On March 13th you published a letter written by reader Lois Raimondi Munchel titled "Stop the spread of deadly bacteria in nursing homes." The letter was timely. It should send alarm bells ringing not only through the hallways of our nursing homes but also through our hospitals and our operating rooms.
Not too long ago, at the NIH hospital, deadly Klebseilla bacteria resistant to all antibiotics, were found. Fifty percent of patients with this bacterial infection will die. These lethal, resistant bacteria have appeared in hospitals up and down the East Coast. While we are blithely using antibiotics in agribusiness, the astute bacteria have been mutating and defying our sense of superiority — that man can conquer the microbial world with his intelligence. It seems that microorganisms of all sorts have far more innate intelligence than we do, and we are not up to the task of keeping up with their magical mutating abilities.
Why are we not up to the task of keeping these microorganisms in check? One reason is the American character. In my own practice of medicine, I have several patients who are demanding and impatient. Every time they catch a cold they want an antibiotic. Medical illiteracy is rampant, and explaining to patients the intricacies of antibiotic resistance and how antibiotic misuse plays a role in causing and spreading deadly organisms is a task so arduous that most doctors give up without even trying. These are trying times for physicians. Their pay is down, their work is up and time is of the essence. It is so much easier to capitulate and write the antibiotic prescription, especially when a sick patient threatens to leave your practice and go to an urgent care place down the road or to an on-line consultant and achieve what he wants with less hassle. And that is the key. Most Americans want what they want as fast as they want it, if not faster. That character is manna from heaven for microbes.
The same impatience manifests itself in other ways. To prevent the spread of bacteria we need to wash our hands several times. Doctors must follow clean practices. Their white coats, stethoscopes, shoes and clothes harbor bacteria. Bacteria lurk in shower curtains, on hospital walls, in hospital sinks, coffee mugs, eating utensils, on bed railings, door knobs and taps. It takes time and wisdom to wash up, wear gloves and sterile gowns and keep articles prone to contamination away from patients.
Doctors are always in a hurry. The American medical system now operates for pure profit. Administrators, many of whom are paid infinitely more than doctors, squeeze the doctors to show more efficiency and bring more money into systems that have become number crunchers, rather than deliverers of quality patient care. Hence doctors who rush from patient to patient to save time and maximize efficiency and profit in order that they may be the darlings of the "Relative Value Unit" business model, don't wash up as thoroughly or as often as they should.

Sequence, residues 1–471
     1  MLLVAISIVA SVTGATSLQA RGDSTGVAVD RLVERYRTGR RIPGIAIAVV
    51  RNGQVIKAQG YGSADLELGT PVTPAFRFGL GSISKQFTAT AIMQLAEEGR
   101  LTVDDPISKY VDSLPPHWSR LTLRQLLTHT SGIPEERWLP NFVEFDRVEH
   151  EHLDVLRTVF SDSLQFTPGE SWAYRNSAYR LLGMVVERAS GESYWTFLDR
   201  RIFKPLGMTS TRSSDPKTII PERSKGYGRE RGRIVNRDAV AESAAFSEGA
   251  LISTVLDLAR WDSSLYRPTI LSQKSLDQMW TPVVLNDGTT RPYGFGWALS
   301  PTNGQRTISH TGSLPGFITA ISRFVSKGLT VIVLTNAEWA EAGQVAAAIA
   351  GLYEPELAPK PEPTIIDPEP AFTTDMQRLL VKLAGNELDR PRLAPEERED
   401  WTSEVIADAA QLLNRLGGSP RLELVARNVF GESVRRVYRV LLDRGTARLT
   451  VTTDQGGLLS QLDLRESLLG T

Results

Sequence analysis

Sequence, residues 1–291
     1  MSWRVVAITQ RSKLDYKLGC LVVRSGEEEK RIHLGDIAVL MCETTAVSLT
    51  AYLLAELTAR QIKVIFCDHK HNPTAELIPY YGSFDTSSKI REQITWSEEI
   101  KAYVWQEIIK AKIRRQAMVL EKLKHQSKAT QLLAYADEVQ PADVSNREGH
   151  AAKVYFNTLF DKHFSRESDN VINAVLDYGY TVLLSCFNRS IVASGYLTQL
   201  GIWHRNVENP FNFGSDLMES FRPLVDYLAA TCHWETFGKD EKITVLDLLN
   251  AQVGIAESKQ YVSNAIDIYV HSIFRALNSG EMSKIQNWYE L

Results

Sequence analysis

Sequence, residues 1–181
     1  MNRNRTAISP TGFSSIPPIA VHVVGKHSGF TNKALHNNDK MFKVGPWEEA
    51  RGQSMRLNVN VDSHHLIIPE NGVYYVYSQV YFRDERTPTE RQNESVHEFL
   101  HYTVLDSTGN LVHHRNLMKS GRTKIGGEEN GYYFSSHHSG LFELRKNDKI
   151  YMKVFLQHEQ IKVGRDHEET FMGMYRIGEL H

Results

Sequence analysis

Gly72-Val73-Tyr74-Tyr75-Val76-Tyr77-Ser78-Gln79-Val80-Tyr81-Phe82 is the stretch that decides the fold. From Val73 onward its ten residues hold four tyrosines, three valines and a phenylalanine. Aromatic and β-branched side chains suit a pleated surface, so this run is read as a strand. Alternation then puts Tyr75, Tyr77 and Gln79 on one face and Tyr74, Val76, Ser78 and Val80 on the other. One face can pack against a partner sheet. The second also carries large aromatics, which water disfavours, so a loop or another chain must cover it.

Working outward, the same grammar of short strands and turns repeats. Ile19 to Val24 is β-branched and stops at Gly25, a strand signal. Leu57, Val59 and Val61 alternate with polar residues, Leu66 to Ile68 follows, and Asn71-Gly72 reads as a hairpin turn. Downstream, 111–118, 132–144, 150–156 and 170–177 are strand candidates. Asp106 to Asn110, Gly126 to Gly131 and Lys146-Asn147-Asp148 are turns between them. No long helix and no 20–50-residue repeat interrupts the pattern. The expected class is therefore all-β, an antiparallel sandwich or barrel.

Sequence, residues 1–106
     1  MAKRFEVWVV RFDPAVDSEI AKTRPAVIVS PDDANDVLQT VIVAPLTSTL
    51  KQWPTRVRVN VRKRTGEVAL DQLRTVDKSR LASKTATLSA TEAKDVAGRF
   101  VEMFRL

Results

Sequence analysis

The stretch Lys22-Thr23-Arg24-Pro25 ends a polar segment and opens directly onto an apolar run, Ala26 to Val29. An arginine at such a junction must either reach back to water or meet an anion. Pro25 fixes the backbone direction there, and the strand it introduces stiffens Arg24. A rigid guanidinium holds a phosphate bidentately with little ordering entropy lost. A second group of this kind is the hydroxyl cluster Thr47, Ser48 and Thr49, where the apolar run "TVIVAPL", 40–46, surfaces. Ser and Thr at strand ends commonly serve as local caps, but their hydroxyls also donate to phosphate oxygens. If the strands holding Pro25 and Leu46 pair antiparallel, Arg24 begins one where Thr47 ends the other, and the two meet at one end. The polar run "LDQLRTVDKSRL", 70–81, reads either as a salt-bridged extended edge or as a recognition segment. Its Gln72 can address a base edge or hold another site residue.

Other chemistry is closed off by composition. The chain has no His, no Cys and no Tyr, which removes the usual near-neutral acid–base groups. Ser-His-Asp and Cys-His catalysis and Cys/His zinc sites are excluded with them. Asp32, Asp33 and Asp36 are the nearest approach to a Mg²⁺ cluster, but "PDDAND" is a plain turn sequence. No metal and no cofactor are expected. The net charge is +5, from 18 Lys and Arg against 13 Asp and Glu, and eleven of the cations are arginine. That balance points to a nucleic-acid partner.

Administrators have also cut back on the cleaning staff. Such staff are paid dismally. Though they are a vital part of every hospital, they are hardly noticed by the upper echelon, treated humanely or thanked for their services. In the old days hospitals smelled of disinfectants and floors were scrubbed clean. These days when you enter a hospital, you hardly ever see a busy cleaning crew and you don't smell disinfectants. Instead you are often faced with the "hospital as hotel" model — you may see a fountain in the lobby, art work hanging in the corridors or an automatic player piano exuding soft strains into the atmosphere. You may see carpets on floors, large mirrors on walls, plants on the wards, computers at every desk, coffee machines and water dispensers.
The "hospital as hotel" model has been great for microbes. Microbes fill every crack, crevice, twist and turn of every unnecessary modern device we find so essential to our daily existence. They multiply there, laughing at our propensity to give them one hiding niche after another, where they can thrive and plot.
The greatest and most immediate threat to humanity is the rapid emergence of antibiotic resistant bacteria. Our government now does not respect science or young investigators and it is loath to fund the NIH which, because it is hurting for money, cannot be at the helm of basic science discoveries that could lead to the development of new antimicrobials. Big pharmaceutical companies too, beaten down by many class action law suits and spurred by greed, are not willing to invest the time or the money required to develop novel medications that will counter antibiotic resistance.
We are at the crossroads and we are the architects of our own microbial sorrows. The war against the microbes is not the Trojan War of the Iliad. It has no end in sight, no soothing auguries and no great big wooden horse to hide the soldiers and win the day.
Usha Nellore, Bel Air